Chapter 9: Missing
The dispute over God's gender is misdirected. God is actually a married couple. The female of the god couple creates women and the male creates men. On rare occasions, the man-god will create a woman and the woman-god will create a man--just to see what it's like. They are devoted to the people they create and consider them their children. They are delighted with how bright their "children" are and actually learn from them as many parents do. The God couple is not always happy. There was a rocky patch in their relationship. They watched the relationships of their children and saw that there was sometimes divorce and separation. They paid heed and decided to separate. The two were at war and created their own planets and solar systems. Men were separated from women. But the orbits of the planets were sluggish and the planets and meteors were silent. They realized that there could be no vitality on the planets unless men and women shared them. The God couple reconciled and soon the planets separating men and women drifted back together and there was great cosmic relief.


Chapter 10: Spirals
In the afterlife, it is discovered that the Creator is actually a species of small creatures that have a similar appearance to humans. They are not very intelligent. They lose their places in conversations and sometimes you have to draw them pictures. These harmless creatures push and shove to see a new arrival shouting the same question: Do you have answer? They ignore you when you ask them what they are talking about. A scribe takes down every word you say. Long before the creatures wondered why they existed. In an attempt to find out, they built computing machines, called humans, that would give them answers. But the hitch was that in order to provide answers, the machines had to be smarter than the creatures. As such, the creatures were not intelligent enough to communicate with their machines. The creatures think that the machines have the answers to their questions but are so advanced and complex that they are unable to communicate with them. They don't realize that the machines don't have the answer and have built their own machines to try to discover learn what the answers are.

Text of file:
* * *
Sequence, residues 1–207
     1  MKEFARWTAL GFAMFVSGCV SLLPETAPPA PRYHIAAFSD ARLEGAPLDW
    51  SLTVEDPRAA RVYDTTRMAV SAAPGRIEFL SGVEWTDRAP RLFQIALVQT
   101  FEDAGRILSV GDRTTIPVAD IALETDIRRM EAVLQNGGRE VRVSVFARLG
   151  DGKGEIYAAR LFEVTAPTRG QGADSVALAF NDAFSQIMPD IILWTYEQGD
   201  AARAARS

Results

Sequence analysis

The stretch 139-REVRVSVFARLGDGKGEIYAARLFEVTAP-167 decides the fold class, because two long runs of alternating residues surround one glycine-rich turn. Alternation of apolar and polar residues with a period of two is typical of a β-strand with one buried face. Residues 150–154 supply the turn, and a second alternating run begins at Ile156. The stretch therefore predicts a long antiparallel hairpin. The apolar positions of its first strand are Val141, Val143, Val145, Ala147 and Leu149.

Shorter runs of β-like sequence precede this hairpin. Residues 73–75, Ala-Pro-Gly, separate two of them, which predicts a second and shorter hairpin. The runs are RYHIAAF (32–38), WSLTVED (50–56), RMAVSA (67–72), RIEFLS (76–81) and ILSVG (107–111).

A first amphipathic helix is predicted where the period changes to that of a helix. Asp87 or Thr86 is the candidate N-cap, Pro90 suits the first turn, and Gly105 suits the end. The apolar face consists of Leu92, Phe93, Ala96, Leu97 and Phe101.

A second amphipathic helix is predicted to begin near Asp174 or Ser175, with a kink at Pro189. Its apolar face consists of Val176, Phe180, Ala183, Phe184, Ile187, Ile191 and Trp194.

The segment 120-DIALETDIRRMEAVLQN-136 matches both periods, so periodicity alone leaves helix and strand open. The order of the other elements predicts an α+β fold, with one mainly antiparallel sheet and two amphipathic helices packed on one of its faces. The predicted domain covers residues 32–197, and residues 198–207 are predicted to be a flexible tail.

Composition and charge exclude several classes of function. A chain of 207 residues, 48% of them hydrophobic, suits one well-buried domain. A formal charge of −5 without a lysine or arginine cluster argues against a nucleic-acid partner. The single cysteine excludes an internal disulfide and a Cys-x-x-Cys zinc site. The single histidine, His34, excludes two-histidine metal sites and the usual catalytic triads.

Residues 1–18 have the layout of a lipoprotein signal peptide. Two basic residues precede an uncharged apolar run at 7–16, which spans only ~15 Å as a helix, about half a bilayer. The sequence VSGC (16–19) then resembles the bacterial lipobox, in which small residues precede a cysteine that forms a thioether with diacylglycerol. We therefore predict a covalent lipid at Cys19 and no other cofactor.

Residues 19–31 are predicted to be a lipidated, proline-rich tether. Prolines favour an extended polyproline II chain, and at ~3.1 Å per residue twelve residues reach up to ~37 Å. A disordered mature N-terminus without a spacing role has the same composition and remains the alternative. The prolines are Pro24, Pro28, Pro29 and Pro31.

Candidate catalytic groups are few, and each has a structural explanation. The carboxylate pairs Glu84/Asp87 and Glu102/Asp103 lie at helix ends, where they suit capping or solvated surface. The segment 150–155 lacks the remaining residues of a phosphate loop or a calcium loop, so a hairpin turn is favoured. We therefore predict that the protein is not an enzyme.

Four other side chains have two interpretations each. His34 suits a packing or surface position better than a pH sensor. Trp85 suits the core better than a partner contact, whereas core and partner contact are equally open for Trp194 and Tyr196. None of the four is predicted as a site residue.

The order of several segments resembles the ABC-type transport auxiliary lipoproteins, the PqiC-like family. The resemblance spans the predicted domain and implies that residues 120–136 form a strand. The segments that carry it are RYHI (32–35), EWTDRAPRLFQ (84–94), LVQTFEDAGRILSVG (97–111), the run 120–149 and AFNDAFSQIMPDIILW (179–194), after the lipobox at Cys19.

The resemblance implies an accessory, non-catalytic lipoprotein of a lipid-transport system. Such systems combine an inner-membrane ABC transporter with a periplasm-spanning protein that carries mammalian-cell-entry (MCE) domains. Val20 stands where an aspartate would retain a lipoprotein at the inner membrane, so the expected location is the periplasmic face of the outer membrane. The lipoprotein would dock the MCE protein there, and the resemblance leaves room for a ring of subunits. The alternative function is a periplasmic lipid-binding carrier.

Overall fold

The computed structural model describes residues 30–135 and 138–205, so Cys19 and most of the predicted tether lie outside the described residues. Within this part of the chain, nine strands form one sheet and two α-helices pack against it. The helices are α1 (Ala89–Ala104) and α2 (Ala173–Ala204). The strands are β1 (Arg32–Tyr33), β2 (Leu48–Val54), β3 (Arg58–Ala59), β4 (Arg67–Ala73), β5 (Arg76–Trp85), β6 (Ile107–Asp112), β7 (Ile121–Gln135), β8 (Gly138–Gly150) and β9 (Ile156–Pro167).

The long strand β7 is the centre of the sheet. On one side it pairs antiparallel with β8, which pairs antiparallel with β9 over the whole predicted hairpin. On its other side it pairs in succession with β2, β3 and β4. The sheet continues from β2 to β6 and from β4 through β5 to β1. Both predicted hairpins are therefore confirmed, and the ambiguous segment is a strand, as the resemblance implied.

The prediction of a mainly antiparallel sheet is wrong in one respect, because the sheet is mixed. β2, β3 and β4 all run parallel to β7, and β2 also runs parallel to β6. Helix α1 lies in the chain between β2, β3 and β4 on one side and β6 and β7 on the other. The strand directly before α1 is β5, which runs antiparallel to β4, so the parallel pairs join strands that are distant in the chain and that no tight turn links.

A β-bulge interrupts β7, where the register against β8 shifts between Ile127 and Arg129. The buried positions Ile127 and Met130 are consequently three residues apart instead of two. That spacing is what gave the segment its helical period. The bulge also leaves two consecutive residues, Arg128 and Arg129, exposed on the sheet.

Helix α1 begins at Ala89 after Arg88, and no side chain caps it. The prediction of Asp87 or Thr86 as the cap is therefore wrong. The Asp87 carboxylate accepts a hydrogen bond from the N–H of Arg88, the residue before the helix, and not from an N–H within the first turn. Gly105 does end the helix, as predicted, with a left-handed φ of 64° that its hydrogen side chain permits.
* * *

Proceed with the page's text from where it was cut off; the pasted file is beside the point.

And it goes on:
Chapter 11: Scales
In the afterlife, humans are God's organs. They are part of God's biology--his internal organs. If man dies, God dies. God and his doctors try to keep man healthy so that God's life can be sustained. But the influx of so many humans is making him weak, they are spreading out inside him and draining his strength. God thinks man is trying to purposely harm him. He observes man trying to find cures for his own diseases, only on much smaller scales. He watches them destroy cells with chemotherapy and radiation. The realization comes to him that everything creates itself upon the backs of smaller entities which will ultimately destroy the original entity.

 

Chapter 12: Adhesion
Man is the product of large beings that live on asteroids and are called Collectors. The universe was created because of the beings' curiosity over why some things "stick together" and why some do not. The Collectors observe that some people have just brief and passing relationships while others have long-term relationships. They see that some people are held together by circumstance. Some force their unions to last. Some sabotage their relationships and others have relationships that are totally unexpected but none the less endure. When the people die, they are brought before a board of beings who interrogate them about their relationships. They want to understand motivations behind breaking off or maintaining relationships. They are way over budget for the project but it continues because they have failed to reach understanding. They recycle the people for another life in hopes they can gain more understanding. They are mesmerized by the project but even the brightest among the beings is unable to understand human relationships.

 

Chapter 13: Angst
After humans die, they expand back to their original enormous forms. It is not a happy situation since man's job is to maintain and support the entire cosmos although collapse seems imminent. If man does not do his job well, the entire Universe will be in jeopardy. These large creatures are given a vacation every three hundred years and most opt to take on human form and go to earth. The beings have fun--watch movies, drink alcohol and listen to music. The beings make friends, have fights and don't give the collapse of the universe one thought. They are concerned only with human pursuits. When the beings wear out their human bodies, they feel great sadness because they must return to the impossible chore of keeping the universe from collapsing.